Sunday, December 30, 2012

Meet John A. A. Logan, Author of Psychological Thrillers

      We're hanging out with John A.A. Logan this week near Loch Ness, in Scotland, the location of his psychological thriller; "The Survival of Thomas Ford". It's cold this time of year so we have extra blankets and will build a fire to sit by as John chats with us.
      John is featuring a contest and one lucky winner will receive a kindle version - see details below. Deanna and I have plenty of hot chocolate to go around. So find a seat on a nearby log or rock and join us in the dark, moonlit forest.

Reader’s Haven: Hi John! Thanks for inviting us to Scotland! Tell us a bit about yourself  that our readers might not know.

John: Thanks very much for inviting me to be here!
Well…I’ve been writing now for about 23 years. I decided to go “indie” after my second literary agent couldn’t find a publisher for my 5th novel, The Survival of Thomas Ford. My agent had had such high hopes for the book, and had convinced me too. His colleague at the agency had read The Survival of Thomas Ford and she told my agent it was the best novel she had read in the last four years. This was taken very seriously, as she had discovered Slumdog Millionaire as an unpublished manuscript, the book that had gone on to win 8 Oscars as a film in 2009. And yet, even with all this support, and despite my agent finding publishers in Scotland and London who said they loved The Survival of Thomas Ford, still no publisher would finally take the book. It was very disappointing. Although I’d sold short stories over the years, including to the big UK publishers like Picador and Vintage, where editors including John Fowles (The French Lieutenant’s Woman etc), and A L Kennedy, and Toby Litt, and Ali Smith, had all chosen my stories to be published when they were editors of anthologies, and this had meant I’d seen paperbacks with my stories in them go on to be sold in most countries of the world…still, I’d never had a novel published, never been given that chance.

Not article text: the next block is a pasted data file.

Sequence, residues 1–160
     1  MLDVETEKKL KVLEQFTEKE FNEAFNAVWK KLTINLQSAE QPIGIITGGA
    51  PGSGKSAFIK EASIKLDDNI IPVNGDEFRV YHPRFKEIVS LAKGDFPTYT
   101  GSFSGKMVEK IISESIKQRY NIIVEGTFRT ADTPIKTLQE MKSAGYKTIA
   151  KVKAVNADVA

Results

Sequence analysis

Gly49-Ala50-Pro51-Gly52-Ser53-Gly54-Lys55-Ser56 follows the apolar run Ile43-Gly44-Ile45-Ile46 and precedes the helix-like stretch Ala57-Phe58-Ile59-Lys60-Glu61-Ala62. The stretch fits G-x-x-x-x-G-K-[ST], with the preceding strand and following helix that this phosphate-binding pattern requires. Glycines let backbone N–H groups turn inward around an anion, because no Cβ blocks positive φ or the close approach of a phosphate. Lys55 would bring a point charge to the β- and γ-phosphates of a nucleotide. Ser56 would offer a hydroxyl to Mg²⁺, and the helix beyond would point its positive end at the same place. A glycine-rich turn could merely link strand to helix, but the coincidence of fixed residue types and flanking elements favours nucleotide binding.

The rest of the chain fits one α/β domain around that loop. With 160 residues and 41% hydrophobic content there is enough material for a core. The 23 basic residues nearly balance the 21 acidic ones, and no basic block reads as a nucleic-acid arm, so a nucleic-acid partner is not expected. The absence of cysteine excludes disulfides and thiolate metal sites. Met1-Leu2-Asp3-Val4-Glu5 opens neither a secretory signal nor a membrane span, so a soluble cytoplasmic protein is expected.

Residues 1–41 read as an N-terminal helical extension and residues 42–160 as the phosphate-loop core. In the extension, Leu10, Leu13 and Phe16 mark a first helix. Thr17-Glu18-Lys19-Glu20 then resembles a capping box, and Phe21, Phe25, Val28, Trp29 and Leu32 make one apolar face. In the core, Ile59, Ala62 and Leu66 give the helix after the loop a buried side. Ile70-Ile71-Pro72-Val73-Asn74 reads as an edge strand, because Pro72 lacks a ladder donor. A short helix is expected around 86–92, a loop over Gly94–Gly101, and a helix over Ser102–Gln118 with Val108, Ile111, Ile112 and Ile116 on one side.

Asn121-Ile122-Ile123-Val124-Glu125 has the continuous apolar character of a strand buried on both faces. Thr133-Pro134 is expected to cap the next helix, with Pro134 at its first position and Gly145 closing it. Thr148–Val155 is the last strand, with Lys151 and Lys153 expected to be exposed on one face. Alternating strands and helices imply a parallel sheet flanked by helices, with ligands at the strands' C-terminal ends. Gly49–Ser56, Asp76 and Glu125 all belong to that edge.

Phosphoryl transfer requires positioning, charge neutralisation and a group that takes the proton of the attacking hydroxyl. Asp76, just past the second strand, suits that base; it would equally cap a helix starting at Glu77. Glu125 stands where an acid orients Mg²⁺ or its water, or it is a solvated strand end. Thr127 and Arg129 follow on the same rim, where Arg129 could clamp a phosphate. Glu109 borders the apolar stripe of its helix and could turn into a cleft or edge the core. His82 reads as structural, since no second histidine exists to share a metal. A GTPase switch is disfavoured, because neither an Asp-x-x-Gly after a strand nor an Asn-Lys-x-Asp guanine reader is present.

So, I decided to publish The Survival of Thomas Ford as a Kindle ebook.
     I went on to become a bestseller on Amazon…it won a Special Award in the E-festival of Words Best of the Independent eBooks Awards 2012…it was also Goodreads UK Kindle Forum Book of the Month and an Alliance of Independent Authors Book of the Month.
     Amazon has just put the first page of The Survival of Thomas Ford in the new UK video advert for the Kindle Paperwhite…you can see it being read onscreen from 3.00 to 3.06 in the UK product page video…that was a nice Christmas present!
     Otherwise, about me…I live in the Highlands of Scotland, and I love writing…films too!

Reader’s Haven: Wow! Congrats on all the awards. What made you want to become a writer?

John: I loved reading when I was at school, and I loved films too…anything with a story seemed to take possession of me. Stephen King was a big influence…Ray Bradbury…then I started reading all sorts of novels, anything I could get hold of, until suddenly, the idea came that maybe I could try to do this too. I suppose just loving novels and short stories I read so much made me naturally want to try to do it myself.

Reader’s Haven: Please share a bit about The Survival of Thomas Ford without giving away any spoilers.

John: The novel is a psychological thriller set in the Highlands of Scotland, near Loch Ness. Thomas Ford survives a car crash which has killed his wife. He is the only surviving witness who would be willing to identify the young, reckless driver who caused the crash. But the young driver has no intention of ever letting himself be identified. He would sooner see Thomas Ford dead than ever allow that to happen. The young driver’s father, a wealthy and powerful housing developer, is also a very important character in the book.